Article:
William Dudley, former president of the Fed's New York regional bank, argued in a Bloomberg Opinion piece that if the Fed were to accommodate the president — by further cutting interest rates, for example — it could lead him to escalate his trade war and elevate the risk of a recession.
"This manufactured disaster-in-the-making presents the Federal Reserve with a dilemma: Should it mitigate the damage by providing offsetting stimulus, or refuse to play along?" Dudley wrote. His most dramatic suggestion was for the politically independent Fed to consider Trump's re-election prospects in formulating its policies.
"Trump's re-election," Dudley wrote, "arguably presents a threat to the U.S. and global economy, to the Fed's independence and its ability to achieve its employment and inflation objectives. If the goal of monetary policy is to achieve the best long-term economic outcome, then Fed officials should consider how their decisions will affect the political outcome in 2020."
The Fed issued a response asserting that it is determined to remain apolitical. "The Federal Reserve's policy decisions are guided solely by its congressional mandate to maintain price stability and maximum employment," said spokeswoman Michelle Smith. "Political considerations play absolutely no role."
In his opinion piece, Dudley argued that if the ultimate goal is a healthy economy, then the Fed should consider deciding against further rate cuts if those cuts would be intended to counter damage from Trump's trade war.
"What if the Fed's accommodation encourages the president to escalate the trade war further, increasing the risk of a recession?" Dudley asked. "The central bank's efforts to cushion the blow might not be merely ineffectual. They might actually make things worse."
Dudley acknowledged that his proposal defies the conventional belief that the Fed should take no positions on policy matters that are normally handled by the president and Congress and should remain ready to cushion the economy from any damage from those policies.
But he said he believes that Chairman Jerome Powell, in a speech Friday to central bankers in Jackson Hole, Wyoming, might have hinted at a change in approach. "He noted that monetary policy cannot 'provide a settled rulebook for international trade,'" Dudley said. "I see this as a veiled reference to the trade war and a warning that the Fed's tools are not well-suited to mitigate the damage."
Dudley said that by taking a harder line on future rate cuts, the Fed would discourage Trump from further escalation of his trade war with China by increasing the costs of such a move. He said it would also reassert the Fed's independence by distancing itself from the administration's policies and conserve much-needed ammunition in the form of future rate cuts if the economy slows further.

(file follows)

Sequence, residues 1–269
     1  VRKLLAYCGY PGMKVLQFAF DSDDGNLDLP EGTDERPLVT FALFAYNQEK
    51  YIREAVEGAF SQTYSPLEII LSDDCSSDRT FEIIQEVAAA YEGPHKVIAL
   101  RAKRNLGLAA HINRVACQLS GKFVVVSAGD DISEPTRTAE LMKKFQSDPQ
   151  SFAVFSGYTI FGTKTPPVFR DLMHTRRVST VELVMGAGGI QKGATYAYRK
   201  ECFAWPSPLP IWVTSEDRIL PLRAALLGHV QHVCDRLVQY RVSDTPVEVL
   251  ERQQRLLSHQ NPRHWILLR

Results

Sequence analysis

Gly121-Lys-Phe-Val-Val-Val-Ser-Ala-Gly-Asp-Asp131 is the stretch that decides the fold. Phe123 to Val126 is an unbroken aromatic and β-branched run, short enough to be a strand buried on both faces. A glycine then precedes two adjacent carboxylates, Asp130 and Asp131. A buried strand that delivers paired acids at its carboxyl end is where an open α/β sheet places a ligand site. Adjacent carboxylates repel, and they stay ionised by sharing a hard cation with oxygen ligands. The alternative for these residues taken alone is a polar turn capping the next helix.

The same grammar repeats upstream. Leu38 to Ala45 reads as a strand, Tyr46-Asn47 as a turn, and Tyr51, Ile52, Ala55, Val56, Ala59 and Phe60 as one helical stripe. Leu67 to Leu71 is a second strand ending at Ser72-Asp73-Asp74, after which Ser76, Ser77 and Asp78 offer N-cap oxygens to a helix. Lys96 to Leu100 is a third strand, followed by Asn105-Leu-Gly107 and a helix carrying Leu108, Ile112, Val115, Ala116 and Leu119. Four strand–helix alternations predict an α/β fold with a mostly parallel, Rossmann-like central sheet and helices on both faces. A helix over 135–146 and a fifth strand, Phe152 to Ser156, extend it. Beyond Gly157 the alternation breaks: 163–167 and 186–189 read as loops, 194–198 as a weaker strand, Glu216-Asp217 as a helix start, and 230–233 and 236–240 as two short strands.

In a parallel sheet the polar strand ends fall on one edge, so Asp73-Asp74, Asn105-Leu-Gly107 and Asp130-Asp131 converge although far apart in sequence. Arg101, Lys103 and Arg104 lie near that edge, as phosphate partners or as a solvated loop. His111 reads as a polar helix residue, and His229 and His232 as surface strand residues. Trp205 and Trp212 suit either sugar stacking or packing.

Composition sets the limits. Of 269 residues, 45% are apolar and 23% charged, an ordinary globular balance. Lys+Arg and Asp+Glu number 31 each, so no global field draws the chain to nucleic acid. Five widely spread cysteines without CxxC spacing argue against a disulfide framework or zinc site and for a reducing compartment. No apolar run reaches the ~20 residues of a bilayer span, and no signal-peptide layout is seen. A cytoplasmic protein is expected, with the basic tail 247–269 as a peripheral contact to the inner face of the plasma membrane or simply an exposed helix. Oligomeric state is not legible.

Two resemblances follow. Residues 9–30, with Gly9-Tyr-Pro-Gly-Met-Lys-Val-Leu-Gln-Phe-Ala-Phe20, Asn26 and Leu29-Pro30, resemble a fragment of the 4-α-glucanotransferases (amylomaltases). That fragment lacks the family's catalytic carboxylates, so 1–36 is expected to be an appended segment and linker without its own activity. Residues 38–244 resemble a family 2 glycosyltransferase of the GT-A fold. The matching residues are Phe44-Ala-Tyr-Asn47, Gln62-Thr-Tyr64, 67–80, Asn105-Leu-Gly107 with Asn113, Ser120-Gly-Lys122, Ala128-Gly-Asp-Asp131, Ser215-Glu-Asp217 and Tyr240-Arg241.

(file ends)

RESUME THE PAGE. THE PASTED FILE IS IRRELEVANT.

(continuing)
Dudley, who was the No. 2 official on the Fed's rate-setting panel from 2009 until he stepped down last year, is a senior research fellow at Princeton University's Center for Economic Policy Studies. Richard Fisher, a former president of the Fed's Dallas regional bank, said he thought Dudley's proposal would move the Fed too far outside its established role. Fisher said in a CNBC interview that he thought Powell and other Fed officials should instead state more forcefully that any rate cuts might be unable to counter all the uncertainties created by Trump's trade wars.
Trump himself, who last week asserted that Powell was an "enemy," kept up his own attacks on the central bank Tuesday, tweeting that the Fed "loves" the troubles U.S. manufacturers are facing. The president's tweet was his latest public effort to pressure the central bank to lower interest rates dramatically. The Fed cut rates by a quarter-point last month and is expected to do so again in September. But Trump has been demanding much more aggressive cuts of a full percentage point to counteract the four rate hikes the Fed delivered last year.
In his tweet Tuesday, Trump said, "The Federal Reserve loves watching our manufacturers struggle with their exports to the benefit of other parts of the world." The president has repeatedly argued that the Fed's failure to cut U.S. rates more quickly is making the dollar too strong against other currencies and thus hurting American exporters — an argument most economists find fault with.
"I disagree with the president that a weak dollar is necessary good for the U.S. economy," said Sung Won Sohn, business economist at Loyola Marymount University in Los Angeles. "To me a strong dollar is a report card which says the U.S. economy is doing well. If you look at countries with weak currencies, they are the ones having trouble economically."